Wells Fargo has already reduced minimum score
With the recent news of the slight economic uptick, I thought this would be a good opportunity to share an article from the Chicago Tribune. Last month, the newspaper reported that many banks are considering loosening their credit score requirements for mortgages. Wells Fargo has already reduced their minimum score for an FHA loan to a 600 FICO. More emphasis is being placed on an applicant’s debt to income ratio and employment history. Borrowers have shown to be more financially responsible in the current economic climate than when the recession hit, which gives lenders increased optimism that they will see their loans paid back on time.
This is welcome news for the credit repair industry, as your customers should be seeing real-world benefits quicker than during the worst of the recession. As more lenders open up their vaults to borrowers with sub-700 FICOs, your hard work will be rewarded with satisfied clients and a potential new referral stream. The credit repair industry is extremely important to the financial well-being of thousands of consumers; it is nice to see that lending institutions are allowing creditworthy buyers easier access to capital. As previously mentioned in another post, Americans have fallen on hard times often due to circumstances beyond their control, such as a catastrophic accident or illness in the family.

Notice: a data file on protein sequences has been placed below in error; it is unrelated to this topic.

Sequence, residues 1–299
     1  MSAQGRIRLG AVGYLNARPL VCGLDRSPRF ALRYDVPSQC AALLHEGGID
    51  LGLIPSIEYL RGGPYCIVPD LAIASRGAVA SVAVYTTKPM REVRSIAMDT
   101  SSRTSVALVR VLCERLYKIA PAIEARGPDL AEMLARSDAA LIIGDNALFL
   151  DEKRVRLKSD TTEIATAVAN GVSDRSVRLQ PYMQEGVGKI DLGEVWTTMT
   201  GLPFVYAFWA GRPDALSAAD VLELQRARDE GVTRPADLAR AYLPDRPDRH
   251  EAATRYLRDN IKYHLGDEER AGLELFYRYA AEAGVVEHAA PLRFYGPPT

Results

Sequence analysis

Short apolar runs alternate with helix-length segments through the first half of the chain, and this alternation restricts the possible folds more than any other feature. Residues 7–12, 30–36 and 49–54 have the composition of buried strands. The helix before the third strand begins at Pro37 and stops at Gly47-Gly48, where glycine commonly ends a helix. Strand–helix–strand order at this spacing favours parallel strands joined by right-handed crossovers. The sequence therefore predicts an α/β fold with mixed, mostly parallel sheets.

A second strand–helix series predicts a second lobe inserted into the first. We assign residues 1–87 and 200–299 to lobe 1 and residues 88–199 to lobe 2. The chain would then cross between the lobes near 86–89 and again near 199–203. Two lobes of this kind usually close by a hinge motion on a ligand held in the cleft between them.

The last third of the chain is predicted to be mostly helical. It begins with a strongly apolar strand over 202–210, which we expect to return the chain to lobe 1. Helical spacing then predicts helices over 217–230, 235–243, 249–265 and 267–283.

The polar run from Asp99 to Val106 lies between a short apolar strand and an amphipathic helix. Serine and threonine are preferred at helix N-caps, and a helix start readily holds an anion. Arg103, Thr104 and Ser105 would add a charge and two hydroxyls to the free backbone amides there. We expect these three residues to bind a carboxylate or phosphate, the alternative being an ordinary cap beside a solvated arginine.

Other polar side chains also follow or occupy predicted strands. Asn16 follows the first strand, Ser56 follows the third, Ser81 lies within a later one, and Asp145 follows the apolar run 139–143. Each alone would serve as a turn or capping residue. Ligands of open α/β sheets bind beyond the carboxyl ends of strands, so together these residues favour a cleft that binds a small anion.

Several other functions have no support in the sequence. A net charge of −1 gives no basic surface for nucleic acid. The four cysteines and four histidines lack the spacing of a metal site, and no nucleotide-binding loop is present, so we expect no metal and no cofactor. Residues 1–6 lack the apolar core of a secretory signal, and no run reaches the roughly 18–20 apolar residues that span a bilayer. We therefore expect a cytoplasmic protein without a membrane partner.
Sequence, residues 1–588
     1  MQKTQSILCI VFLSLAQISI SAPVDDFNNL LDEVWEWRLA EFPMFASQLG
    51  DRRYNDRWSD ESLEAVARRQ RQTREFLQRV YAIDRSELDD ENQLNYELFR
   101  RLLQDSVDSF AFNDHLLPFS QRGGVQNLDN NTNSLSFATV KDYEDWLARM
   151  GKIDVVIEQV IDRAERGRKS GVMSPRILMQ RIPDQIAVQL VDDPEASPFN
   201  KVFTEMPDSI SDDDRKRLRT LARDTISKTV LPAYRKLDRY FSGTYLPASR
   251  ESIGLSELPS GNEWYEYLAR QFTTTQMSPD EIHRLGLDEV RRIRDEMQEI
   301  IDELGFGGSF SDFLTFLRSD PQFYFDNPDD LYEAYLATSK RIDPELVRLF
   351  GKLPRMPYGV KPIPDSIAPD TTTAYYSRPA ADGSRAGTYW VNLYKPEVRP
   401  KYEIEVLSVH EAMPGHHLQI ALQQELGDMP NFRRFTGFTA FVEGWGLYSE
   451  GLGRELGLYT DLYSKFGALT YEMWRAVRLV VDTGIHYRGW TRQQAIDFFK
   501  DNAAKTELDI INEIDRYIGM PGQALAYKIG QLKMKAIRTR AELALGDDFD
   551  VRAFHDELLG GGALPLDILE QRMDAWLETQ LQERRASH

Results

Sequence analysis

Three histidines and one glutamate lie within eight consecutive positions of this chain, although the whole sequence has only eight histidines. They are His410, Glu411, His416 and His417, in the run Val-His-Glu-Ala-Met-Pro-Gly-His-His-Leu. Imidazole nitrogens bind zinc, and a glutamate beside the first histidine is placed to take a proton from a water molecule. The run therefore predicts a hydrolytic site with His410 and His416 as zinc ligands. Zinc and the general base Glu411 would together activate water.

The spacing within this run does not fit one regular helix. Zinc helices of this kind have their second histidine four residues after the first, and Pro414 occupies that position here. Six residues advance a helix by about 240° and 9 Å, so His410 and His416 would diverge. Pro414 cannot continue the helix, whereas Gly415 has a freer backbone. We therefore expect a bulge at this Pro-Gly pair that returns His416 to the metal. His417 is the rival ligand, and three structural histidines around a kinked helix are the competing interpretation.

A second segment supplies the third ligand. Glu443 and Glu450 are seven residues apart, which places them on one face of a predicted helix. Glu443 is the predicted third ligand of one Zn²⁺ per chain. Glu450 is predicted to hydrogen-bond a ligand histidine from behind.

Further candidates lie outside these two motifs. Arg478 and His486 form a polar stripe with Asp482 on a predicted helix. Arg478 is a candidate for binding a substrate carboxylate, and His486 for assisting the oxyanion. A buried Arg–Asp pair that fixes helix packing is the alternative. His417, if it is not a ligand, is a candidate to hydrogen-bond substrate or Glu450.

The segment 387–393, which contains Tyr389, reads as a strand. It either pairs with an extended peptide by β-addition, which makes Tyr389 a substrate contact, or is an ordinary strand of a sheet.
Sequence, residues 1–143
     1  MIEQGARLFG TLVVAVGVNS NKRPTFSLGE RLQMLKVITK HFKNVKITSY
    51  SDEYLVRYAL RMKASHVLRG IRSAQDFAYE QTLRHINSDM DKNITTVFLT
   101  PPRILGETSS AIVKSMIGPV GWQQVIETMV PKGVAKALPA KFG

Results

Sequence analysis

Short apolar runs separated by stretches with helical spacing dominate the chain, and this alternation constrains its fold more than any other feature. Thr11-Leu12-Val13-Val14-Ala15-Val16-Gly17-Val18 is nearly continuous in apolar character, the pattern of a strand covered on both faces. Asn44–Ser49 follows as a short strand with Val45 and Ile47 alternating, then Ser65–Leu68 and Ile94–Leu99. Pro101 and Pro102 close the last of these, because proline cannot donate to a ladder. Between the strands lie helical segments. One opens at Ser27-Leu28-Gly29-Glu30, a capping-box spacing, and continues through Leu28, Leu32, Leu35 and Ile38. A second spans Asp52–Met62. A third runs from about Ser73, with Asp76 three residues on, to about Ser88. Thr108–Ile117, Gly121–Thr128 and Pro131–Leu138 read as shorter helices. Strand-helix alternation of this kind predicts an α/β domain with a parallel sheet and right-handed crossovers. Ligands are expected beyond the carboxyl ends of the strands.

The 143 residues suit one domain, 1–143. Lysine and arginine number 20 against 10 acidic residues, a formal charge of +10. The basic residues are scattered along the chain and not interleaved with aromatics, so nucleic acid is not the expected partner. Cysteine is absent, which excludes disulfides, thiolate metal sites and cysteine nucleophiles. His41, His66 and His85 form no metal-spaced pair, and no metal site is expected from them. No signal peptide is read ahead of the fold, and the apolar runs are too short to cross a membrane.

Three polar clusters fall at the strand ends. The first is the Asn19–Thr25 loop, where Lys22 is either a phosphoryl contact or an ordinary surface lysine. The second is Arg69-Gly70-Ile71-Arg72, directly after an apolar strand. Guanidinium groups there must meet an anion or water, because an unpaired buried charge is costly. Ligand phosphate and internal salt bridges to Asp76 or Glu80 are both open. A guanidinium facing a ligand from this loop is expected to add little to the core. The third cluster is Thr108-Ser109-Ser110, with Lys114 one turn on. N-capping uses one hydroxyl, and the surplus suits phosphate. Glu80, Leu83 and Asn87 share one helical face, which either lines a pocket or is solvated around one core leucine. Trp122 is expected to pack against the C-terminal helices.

Of course, relaxed standards still do not fix the fundamental problem of inaccurate and outdated information on Americans’ credit report. Just because more people are likely to be approved for loans, doesn’t mean that the credit repair industry should be any less vigilant in ensuring accuracy. Your customers will absolutely still be better off with an excellent score; the differences between interest rates can still be hefty between preferred and standard borrowers. Increased lending on the part of banks and other financial institutions is not a cure-all, but it is indeed a step in the right direction.